Blueprint: Test Automation

Test automation is essential for delivering reliable and consistent APIs at scale across the enterprise. This is a blueprint for walking through the base of how test automation can work as part of a well defined API lifecycle, helping teams standardize how they approach testing APIs.

This blueprint focuses just on the test automation portion of the API lifecycle, highlighting the different types of tests that can be run, how monitors can be used to automate those tests on a schedule from multiple regions, and then how to tap into the observability opportunities that exist when it comes to test automation. Test automation should provide you with a 50K foot view of how testing works in conjunction with monitors, and what observability is available by default, published using visualizer, or introduced through integrations with external solutions, providing many different ways of being able to see and understand test automation for API operations.


Define

The most important first step of any API lifecycle is to make sure the operations around an API are properly defined, laying the foundation for being able to effectively design and bring an API to life, while also establishing a known place, or places to go to get all the information you need regarding each individual API, or groups of APIs. A little planning and organization at this early step of the API journey can go a long way towards ensuring the overall health and velocity of an API, and the applications and integrations that will depend on each internal, partner, or public API being delivered.

  • Team Workspace - Establishing and properly setting up a dedicated workspace for each API helps ensure there is always a single place to go to find everything that is happening with an API across it's entire lifecycle.
  • Team Members - Formerly defining who the team will be moving an API forward through all stages of it's lifecycle, providing a clear definition of who is responsible for each part of producing an API.
  • Github Repository - Having a dedicated Github repository for an API provides a single place where code and other artifacts can be managed, with a pipeline, issues, and other supporting elements an API will need to operate.
  • OpenAPI - The OpenAPI specification provides a common vocabulary for describing the surface area of request and response APIs, as well as webhooks, ensuring that API producers and consumers are on the same page when it comes to integration, but also helps stabilize multiple areas of the API lifecycle providing a contract that can be used for delivering documentation, mocks, testing, and more.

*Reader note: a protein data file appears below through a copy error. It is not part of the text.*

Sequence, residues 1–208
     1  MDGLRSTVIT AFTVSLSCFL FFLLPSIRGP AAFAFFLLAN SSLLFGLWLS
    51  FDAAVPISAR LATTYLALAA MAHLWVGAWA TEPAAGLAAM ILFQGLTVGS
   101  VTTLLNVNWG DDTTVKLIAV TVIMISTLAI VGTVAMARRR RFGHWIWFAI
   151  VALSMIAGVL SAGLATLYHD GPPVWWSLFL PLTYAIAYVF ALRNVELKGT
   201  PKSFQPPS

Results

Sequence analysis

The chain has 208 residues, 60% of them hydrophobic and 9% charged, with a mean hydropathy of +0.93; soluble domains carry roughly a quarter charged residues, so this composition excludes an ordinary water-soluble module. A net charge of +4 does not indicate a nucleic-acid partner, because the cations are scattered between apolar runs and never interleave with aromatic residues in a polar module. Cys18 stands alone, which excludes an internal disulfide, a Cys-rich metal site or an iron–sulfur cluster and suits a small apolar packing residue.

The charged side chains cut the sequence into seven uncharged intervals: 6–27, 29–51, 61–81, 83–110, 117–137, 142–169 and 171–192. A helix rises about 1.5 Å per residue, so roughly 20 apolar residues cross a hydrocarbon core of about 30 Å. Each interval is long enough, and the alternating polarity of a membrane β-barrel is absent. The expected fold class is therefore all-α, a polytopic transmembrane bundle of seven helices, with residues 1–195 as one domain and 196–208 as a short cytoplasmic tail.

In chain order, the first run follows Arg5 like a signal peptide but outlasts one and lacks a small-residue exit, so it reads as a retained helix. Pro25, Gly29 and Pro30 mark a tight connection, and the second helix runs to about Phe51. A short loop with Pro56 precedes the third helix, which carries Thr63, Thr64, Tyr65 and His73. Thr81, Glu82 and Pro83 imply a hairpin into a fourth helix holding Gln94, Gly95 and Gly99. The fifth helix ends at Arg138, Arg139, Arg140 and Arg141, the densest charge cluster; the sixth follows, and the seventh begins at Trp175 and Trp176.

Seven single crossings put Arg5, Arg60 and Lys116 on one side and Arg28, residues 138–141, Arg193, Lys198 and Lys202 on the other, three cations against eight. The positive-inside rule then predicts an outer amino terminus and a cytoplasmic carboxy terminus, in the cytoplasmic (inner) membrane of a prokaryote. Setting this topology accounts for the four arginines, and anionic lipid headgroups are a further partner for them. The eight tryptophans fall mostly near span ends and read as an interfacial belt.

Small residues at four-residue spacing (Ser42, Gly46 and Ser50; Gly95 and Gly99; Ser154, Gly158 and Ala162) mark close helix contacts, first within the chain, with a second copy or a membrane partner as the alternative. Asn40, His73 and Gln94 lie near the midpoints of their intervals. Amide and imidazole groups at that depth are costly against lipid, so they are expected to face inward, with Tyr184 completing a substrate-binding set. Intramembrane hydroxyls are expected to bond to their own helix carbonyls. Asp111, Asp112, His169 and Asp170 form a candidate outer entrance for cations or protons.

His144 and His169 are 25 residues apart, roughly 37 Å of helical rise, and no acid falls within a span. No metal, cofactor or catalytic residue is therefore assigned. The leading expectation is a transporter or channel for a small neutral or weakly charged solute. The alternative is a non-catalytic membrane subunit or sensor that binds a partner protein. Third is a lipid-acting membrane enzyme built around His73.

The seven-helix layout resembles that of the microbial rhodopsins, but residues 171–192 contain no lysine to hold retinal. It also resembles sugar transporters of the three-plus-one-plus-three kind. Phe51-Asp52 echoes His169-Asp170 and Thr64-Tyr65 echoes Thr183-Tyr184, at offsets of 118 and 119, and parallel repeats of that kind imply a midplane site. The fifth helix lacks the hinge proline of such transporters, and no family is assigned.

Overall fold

Test

A test-driven API lifecycle ensures that each API accomplishes the intended purpose it was developed for, providing manual and automated ways to ensure an API hasn't changed unexpectedly, is as performant as required, and meets the security expectations of everyone involved, helping establish a high quality of service consistently across all APIs.

  • Contract Testing - Contract tests can be derived from API artifacts like OpenAPI, JSON Schema, and GraphQL, and used to ensure there are no changes to what has been promised when an API was designed or developed, providing a repeatable test that can be run manually, on a schedule from multiple regions, or as part of a CI/CD pipeline to ensure contracts with consumers are upheld.

Monitor

All tests applied to an API should be monitored on a logical schedule and from relevant geographic regions, monitoring that APIs aren't breaking their contract, falling below their agreed upon service level agreement (SLA), or becoming a security risk, helping automate the quality of service across APIs in a way that allows teams to be as productive as possible.

  • Monitor - Monitoring any process across API operations defined as a collection, then bundled with any environment, setting a schedule for the execution of the collection, and viewing or publishing of the results to any other location, providing a very wide definition of what monitoring can mean across API operations.
  • Contract Testing Monitor - Monitors can be setup for all API contract testing, scheduling the run of contract testing when needed and configuring to run from the regions that matter most to business operations, making sure that each individual API contract is never breaking with consumers, making sure that each API is delivering as expected on a 24/7 schedule.
  • Contract Testing Results - The results of any contract testing run can be rendered as test results, presented using visualizer, and posted to existing APM or other destination that can be used as part of wider observability systems, allowing contract tests across all APIs to be centralized for understanding API performance at scale.

Build